IDEAS home Printed from https://ideas.repec.org/
MyIDEAS: Login to save this article or follow this journal

Congestion Caused by Speed Differences

  • Verhoef, Erik T.
  • Rouwendal, Jan
  • Rietveld, Piet

In this paper, we investigate congestion caused by differences in desired or possible speeds. Especially outside peak hours, speed differences are probably one of the most important reasons for congestion. Although the model setting, with one lane and no overtaking, may seem simple at first sight, the problemturns out to result easily in quite complicated mathematical expressions. Some main conclusions are that optimal tolls for slow vehicles are higher than those for fast drivers, that the marginal external costs and the optimal tolls for slow drivers are actually decreasing in the equilibrium number of slow drivers, and that ‘platooning’ may become an attractive option especially when the desire for a low speed is caused by a lower value of time.

(This abstract was borrowed from another version of this item.)

If you experience problems downloading a file, check if you have the proper application to view it first. In case of further problems read the IDEAS help page. Note that these files are not on the IDEAS site. Please be patient as the files may be large.

File URL: http://www.sciencedirect.com/science/article/B6WMG-45GMXR7-7/2/103d2b1bb0c664829e903a1d87874f3b
Download Restriction: Full text for ScienceDirect subscribers only

As the access to this document is restricted, you may want to look for a different version under "Related research" (further below) or search for a different version of it.

Article provided by Elsevier in its journal Journal of Urban Economics.

Volume (Year): 45 (1999)
Issue (Month): 3 (May)
Pages: 533-556

as
in new window

Handle: RePEc:eee:juecon:v:45:y:1999:i:3:p:533-556
Contact details of provider: Web page: http://www.elsevier.com/locate/inca/622905

References listed on IDEAS
Please report citation or reference errors to , or , if you are the registered author of the cited work, log in to your RePEc Author Service profile, click on "citations" and make appropriate adjustments.:

as in new window
  1. Lave, Charles A, 1985. "Speeding, Coordination, and the 55 MPH Limit," American Economic Review, American Economic Association, vol. 75(5), pages 1159-64, December.
  2. Rotemberg, Julio J., 1985. "The efficiency of equilibrium traffic flows," Journal of Public Economics, Elsevier, vol. 26(2), pages 191-205, March.
  3. Arnott, Richard & de Palma, Andre & Lindsey, Robin, 1993. "A Structural Model of Peak-Period Congestion: A Traffic Bottleneck with Elastic Demand," American Economic Review, American Economic Association, vol. 83(1), pages 161-79, March.
  4. Fowles, Richard & Loeb, Peter D, 1989. "Speeding, Coordination, and the 55-MPH Limit: Comment," American Economic Review, American Economic Association, vol. 79(4), pages 916-21, September.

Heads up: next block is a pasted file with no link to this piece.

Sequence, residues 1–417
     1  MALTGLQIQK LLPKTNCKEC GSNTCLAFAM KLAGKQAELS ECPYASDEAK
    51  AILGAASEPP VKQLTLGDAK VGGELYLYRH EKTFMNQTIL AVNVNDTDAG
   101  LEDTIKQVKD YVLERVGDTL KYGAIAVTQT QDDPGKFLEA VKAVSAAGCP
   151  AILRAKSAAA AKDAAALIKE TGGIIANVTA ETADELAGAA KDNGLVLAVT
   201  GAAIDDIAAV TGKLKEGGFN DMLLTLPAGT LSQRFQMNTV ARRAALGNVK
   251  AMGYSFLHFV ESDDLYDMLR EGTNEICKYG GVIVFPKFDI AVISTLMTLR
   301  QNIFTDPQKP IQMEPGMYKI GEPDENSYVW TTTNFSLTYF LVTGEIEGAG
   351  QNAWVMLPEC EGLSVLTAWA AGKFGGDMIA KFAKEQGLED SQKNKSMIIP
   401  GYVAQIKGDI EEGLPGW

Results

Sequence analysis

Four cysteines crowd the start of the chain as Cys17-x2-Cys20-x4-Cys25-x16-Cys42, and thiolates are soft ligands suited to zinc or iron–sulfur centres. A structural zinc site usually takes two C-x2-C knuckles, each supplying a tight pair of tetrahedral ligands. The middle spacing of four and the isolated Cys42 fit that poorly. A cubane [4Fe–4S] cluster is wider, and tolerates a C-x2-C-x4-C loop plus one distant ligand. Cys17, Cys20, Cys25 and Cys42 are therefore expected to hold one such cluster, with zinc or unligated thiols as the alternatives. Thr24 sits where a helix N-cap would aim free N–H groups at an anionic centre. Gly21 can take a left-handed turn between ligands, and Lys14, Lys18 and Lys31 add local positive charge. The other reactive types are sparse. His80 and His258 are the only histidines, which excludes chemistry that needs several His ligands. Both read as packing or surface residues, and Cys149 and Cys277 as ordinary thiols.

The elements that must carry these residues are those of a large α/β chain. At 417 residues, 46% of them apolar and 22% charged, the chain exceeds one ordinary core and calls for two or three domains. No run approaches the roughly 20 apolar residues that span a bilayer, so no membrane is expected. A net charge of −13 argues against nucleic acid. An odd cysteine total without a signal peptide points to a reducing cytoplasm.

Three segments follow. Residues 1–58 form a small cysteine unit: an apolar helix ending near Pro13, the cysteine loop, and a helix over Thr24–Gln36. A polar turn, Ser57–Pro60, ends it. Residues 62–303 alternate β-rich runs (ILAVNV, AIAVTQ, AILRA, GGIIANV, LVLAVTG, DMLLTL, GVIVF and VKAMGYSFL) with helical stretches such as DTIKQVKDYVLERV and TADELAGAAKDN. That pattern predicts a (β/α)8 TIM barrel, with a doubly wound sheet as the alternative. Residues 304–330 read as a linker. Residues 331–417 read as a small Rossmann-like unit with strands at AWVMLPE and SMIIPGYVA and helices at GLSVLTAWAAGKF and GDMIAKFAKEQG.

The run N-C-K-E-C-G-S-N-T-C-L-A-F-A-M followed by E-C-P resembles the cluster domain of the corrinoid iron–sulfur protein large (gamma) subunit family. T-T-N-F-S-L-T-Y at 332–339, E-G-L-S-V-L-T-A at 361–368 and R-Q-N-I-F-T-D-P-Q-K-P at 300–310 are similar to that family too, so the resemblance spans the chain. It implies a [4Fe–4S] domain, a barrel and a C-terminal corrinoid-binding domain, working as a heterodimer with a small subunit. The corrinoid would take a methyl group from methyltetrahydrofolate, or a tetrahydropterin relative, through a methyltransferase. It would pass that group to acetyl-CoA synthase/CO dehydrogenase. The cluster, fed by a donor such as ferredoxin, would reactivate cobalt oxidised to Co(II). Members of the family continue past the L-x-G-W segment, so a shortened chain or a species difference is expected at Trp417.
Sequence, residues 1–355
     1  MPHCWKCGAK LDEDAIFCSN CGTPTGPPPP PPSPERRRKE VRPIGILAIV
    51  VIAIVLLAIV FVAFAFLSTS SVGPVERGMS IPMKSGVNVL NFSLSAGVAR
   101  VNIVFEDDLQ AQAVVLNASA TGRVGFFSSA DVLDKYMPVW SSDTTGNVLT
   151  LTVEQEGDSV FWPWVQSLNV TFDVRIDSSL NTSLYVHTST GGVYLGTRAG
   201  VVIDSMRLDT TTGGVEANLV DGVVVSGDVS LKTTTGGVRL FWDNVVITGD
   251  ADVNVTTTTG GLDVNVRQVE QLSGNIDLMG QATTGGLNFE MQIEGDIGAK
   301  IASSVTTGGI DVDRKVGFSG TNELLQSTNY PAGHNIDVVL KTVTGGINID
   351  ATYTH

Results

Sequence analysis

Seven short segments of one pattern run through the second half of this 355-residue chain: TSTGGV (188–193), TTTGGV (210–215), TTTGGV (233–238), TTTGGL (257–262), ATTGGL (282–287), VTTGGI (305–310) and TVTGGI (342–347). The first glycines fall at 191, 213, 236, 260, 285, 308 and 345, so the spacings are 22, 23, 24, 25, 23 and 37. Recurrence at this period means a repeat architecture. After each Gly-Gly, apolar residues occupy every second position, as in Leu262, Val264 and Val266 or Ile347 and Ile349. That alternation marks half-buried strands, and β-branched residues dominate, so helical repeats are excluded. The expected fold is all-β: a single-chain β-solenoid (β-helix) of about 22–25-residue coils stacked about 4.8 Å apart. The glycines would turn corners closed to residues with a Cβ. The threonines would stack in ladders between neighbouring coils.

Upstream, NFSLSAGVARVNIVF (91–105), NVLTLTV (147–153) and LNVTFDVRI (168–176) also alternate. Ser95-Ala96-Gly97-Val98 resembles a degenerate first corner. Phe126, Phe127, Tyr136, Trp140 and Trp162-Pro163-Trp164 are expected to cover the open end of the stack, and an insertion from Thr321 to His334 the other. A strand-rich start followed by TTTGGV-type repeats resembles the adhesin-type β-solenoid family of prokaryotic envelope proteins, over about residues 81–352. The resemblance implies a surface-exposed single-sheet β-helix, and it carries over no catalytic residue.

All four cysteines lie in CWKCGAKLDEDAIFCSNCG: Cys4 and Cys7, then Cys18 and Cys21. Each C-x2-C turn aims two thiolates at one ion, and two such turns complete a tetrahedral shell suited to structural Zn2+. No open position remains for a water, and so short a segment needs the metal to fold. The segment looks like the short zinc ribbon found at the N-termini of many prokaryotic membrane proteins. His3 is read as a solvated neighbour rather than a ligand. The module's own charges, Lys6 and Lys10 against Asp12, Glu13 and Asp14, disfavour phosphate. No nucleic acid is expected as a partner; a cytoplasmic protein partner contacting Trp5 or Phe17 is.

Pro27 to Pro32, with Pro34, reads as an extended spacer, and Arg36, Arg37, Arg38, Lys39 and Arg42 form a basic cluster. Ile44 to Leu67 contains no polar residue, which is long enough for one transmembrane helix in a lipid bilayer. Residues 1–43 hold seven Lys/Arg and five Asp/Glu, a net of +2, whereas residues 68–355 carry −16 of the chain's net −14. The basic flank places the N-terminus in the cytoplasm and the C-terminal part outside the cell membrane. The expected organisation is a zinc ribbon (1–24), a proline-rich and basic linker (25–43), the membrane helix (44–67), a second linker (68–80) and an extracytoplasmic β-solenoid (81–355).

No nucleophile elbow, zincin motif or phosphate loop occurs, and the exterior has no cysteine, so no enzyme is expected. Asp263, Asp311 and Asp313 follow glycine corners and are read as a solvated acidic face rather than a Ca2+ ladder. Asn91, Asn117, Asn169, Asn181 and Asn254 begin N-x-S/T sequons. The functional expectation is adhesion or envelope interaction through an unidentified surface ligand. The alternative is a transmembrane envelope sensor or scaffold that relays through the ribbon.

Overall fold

5. Lave, Charles, 1989. "Speeding, Coordination, and the 55-MPH Limit: Reply," American Economic Review, American Economic Association, vol. 79(4), pages 926-31, September.
  6. Lee, Li Way, 1984. "An economic theory of the distribution of traffic speeds," Journal of Urban Economics, Elsevier, vol. 15(3), pages 302-309, May.
  7. Levy, David T & Asch, Peter, 1989. "Speeding, Coordination, and the 55-MPH Limit: Comment," American Economic Review, American Economic Association, vol. 79(4), pages 913-15, September.
  8. Snyder, Donald, 1989. "Speeding, Coordination, and the 55-MPH Limit: Comment," American Economic Review, American Economic Association, vol. 79(4), pages 922-25, September.
Full references (including those not matched with items on IDEAS)

This item is not listed on Wikipedia, on a reading list or among the top items on IDEAS.

When requesting a correction, please mention this item's handle: RePEc:eee:juecon:v:45:y:1999:i:3:p:533-556. See general information about how to correct material in RePEc.

For technical questions regarding this item, or to correct its authors, title, abstract, bibliographic or download information, contact: (Zhang, Lei)

If you have authored this item and are not yet registered with RePEc, we encourage you to do it here. This allows to link your profile to this item. It also allows you to accept potential citations to this item that we are uncertain about.

If references are entirely missing, you can add them using this form.

If the full references list an item that is present in RePEc, but the system did not link to it, you can help with this form.

If you know of missing items citing this one, you can help us creating those links by adding the relevant references in the same way as above, for each refering item. If you are a registered author of this item, you may also want to check the "citations" tab in your profile, as there may be some citations waiting for confirmation.

Please note that corrections may take a couple of weeks to filter through the various RePEc services.

This information is provided to you by IDEAS at the Research Division of the Federal Reserve Bank of St. Louis using RePEc data.